Animal factory manure may also contain environmental estrogens.These estrogens bio-accumulate and drain into waterways, interferingwith aquatic reproductive cycles. In Israel, this run-off hasbeen implicated in the mass stetilization of fish in the Sea ofGalilee.

Risking Our Health

The animal factory system adds antibiotics and heavy metals,like arsenic and copper, to animal feed to promote rapid growthand prevent epidemic levels of disease among confined animals.Routine use of antibiotics call breed drug-resistant bacteriawhich enter our water and our food chain, threatening human health.

Young children and the elderly are particularly at risk fromthese resistant bacteria. Currently, poultry and hog corporationsfeed their animals sub-therapeutic levels of the latest generationof antibiotics, leaving human populations potentially vulnerableas a result. The US Food and Drug Administration is trying, againststrong industry resistance, to ban much of animal factory antibioticuse. Such use is already restricted in the European Union.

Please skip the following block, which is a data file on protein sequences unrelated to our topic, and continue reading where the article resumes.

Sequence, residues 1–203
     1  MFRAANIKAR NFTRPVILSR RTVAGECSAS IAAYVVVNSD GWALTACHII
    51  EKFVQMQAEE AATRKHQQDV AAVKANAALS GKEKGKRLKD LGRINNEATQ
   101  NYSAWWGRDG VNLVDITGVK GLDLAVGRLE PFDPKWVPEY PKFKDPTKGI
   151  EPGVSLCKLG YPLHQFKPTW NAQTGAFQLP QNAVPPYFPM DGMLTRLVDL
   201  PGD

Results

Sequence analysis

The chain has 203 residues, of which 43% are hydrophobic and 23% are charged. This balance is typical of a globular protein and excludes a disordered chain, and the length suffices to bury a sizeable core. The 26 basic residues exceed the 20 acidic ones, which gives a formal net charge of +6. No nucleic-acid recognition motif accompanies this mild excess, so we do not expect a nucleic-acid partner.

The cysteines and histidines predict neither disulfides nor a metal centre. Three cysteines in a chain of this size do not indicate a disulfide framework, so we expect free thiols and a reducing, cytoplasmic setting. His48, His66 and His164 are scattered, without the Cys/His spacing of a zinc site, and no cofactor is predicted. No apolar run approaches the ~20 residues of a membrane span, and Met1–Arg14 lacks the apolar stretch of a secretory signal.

Animal factory production is inherently inhumane. It representsa fundamental violation of nature, with broad consequences forour physical and spiritual health. How our food is raised, matters.When living creatures are brutally transformed into factory unitsof production it desensitizes the human consciousness to the environmentand all of its inhabitants – further alienating us from thenatural processes upon which our lives depend.

We simply must abolish animal factories and pursue more sustainable,humane ways to raise our food.